07 Oct Recognizing Food Noise
Let’s play a quick game, OK? I’ll ask you four simple questions, and then you tell me if I’m in your head. Here we go:
- Have you ever spent a good part of your mental energy worrying about the food you ate, the food you’re thinking of eating, the food you might eat at the next event you go to, or the food you should be eating?
- Have you ever felt like if you weren’t on a diet plan or counting calories then you’re destined to be overweight or will never reach the goals you have for yourself?
- Have you ever found yourself concerned about whether what you eat is “right or wrong”, “good or bad”, “low glycemic index or high glycemic index”, or some other measure that puts a judgment value on food?
- Have you ever felt like you were a success because you followed a diet plan or meal plan, or a failure because you “messed up” or “cheated” or “fell off the wagon”?
If you answered “yes — that’s me!”, then my friend, you have food noise!
Food noise is the term that’s used to describe the negative voice in your head that’s fixated on food. I didn’t make up the term, but I can promise you that many of my students and clients have had it and never heard of it before. I actually think Bethenny Frankel, a natural food chef and author, described food noise exceptionally well in her book Naturally Thin (2009), when she referred to it as an “inner food dialogue, commenting on and criticizing everything you eat, or think about eating, or don’t eat” (p. 24).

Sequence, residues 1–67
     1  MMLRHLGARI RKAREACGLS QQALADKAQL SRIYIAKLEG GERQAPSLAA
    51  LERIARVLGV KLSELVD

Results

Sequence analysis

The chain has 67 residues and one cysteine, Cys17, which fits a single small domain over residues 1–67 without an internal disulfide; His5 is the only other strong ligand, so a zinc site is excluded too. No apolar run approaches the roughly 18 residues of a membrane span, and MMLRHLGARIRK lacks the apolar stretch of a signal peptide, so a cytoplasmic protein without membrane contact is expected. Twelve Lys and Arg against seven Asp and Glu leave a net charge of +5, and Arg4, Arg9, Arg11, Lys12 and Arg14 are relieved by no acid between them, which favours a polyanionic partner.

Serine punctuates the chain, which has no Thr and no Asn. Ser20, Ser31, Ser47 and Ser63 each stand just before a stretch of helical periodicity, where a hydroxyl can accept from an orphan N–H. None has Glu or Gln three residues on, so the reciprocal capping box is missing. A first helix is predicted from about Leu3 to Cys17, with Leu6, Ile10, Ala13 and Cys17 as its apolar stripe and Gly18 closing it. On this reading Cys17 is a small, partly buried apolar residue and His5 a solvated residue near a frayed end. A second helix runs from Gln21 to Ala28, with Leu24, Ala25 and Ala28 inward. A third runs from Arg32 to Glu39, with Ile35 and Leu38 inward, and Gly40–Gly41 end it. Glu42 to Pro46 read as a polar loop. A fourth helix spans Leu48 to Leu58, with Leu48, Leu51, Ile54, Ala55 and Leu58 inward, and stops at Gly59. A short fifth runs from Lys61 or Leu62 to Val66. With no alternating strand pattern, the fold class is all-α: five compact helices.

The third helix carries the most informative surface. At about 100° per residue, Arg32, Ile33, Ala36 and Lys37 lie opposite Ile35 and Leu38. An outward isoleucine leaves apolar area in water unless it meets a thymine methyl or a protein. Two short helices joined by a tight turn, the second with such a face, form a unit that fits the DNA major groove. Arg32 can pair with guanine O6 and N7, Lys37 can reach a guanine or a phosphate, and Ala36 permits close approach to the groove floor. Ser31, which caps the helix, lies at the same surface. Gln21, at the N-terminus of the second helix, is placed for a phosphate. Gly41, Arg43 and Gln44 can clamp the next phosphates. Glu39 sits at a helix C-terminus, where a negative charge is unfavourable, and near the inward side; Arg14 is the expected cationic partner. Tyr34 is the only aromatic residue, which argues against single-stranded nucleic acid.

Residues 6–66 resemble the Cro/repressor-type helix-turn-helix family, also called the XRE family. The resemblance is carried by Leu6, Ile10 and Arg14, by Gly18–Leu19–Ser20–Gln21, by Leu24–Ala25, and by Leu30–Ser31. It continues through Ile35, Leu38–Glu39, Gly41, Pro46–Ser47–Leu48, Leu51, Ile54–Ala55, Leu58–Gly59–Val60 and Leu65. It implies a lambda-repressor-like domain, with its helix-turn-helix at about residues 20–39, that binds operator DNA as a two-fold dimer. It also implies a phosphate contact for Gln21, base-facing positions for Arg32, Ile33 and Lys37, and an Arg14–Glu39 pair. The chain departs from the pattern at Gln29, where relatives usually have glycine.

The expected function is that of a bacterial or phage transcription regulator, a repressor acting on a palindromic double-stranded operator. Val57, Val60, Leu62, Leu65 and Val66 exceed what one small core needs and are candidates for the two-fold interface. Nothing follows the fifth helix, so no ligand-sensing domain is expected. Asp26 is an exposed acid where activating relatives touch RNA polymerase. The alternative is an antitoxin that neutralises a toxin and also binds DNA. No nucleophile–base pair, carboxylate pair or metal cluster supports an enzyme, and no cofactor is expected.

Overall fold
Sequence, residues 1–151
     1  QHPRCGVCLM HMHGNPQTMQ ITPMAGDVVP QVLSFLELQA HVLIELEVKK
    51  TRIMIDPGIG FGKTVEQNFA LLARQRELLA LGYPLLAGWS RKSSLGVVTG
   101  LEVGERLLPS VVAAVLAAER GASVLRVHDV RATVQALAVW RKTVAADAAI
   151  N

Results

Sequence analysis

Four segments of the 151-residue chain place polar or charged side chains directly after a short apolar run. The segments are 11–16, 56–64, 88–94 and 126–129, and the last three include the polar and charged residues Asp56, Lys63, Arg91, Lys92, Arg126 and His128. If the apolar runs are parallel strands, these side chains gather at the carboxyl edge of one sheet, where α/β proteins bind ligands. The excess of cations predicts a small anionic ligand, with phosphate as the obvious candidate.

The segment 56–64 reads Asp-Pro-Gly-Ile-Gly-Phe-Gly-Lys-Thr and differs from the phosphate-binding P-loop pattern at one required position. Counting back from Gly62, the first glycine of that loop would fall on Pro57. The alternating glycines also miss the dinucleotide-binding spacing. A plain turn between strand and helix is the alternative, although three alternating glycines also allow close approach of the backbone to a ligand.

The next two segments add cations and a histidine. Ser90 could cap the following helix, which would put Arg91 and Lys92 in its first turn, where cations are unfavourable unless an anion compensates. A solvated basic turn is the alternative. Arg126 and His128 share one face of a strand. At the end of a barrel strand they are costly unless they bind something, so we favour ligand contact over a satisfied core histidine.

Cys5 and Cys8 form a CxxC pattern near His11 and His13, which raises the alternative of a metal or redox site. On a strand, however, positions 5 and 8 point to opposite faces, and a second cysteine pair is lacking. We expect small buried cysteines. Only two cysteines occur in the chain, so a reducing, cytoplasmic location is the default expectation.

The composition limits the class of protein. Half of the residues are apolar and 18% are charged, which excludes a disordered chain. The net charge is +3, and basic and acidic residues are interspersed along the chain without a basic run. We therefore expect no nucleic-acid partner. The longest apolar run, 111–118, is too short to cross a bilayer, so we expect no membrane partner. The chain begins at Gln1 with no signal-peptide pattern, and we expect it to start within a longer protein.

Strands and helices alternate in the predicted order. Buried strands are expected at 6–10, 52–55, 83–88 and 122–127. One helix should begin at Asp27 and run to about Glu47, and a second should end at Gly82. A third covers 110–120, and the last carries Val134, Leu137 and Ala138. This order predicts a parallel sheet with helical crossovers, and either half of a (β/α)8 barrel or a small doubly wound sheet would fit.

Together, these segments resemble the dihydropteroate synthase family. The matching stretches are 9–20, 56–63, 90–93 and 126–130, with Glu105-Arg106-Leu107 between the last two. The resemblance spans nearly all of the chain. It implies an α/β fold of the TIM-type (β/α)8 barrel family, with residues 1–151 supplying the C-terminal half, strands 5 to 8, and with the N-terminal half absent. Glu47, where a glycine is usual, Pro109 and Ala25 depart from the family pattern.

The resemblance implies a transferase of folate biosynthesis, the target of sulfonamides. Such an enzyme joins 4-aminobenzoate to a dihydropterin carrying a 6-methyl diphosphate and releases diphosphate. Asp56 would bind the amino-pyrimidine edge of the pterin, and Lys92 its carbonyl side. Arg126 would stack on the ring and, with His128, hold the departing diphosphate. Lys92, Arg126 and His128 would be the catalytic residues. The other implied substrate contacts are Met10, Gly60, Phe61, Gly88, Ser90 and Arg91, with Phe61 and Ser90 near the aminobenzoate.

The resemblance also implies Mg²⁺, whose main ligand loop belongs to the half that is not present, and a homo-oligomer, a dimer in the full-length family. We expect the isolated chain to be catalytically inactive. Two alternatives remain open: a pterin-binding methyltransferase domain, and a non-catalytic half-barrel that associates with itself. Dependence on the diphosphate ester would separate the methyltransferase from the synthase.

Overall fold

Food noise is what makes you feel like you’re a good person when you don’t “cheat” on your diet, or that you’ve “fallen off the wagon” if you have. It causes you to stress over a few pounds of water weight on the scale or to think that if you missed your workout today then you can’t have even a 1/2 cup serving of ice cream tonight. It also makes you think you’re doing great when you follow a meal plan to a “T” or don’t overeat your Weight Watchers points or go over your calorie “allotment” for the day. It’s mean, it’s all consuming for a lot of people (especially women), and it’s exhausting.
There are a lot of things you can do to combat food noise, and I’ll be sharing some strategies for this in my upcoming healthy living courses. However, some of my clients have told me that just making them aware of their food noise has been a “game changer” for them. I think this is because once you can recognize food noise for what it is — just critical self-commentary that seeks to derail your happiness and your healthy living style — you can often start to notice when it’s happening and talk yourself down from it.
What’s your food noise? Does it sneak up on you more when you’re around certain people? When you’re preparing for an event or a holiday? When you’re not taking care of yourself with self-care efforts unrelated to your eating?
Share it on my blog or Facebook page and get it out! The more you talk your food noise out, the less power it has screaming at you in your head and taking up your mental energy.
Here’s to making healthy living simple!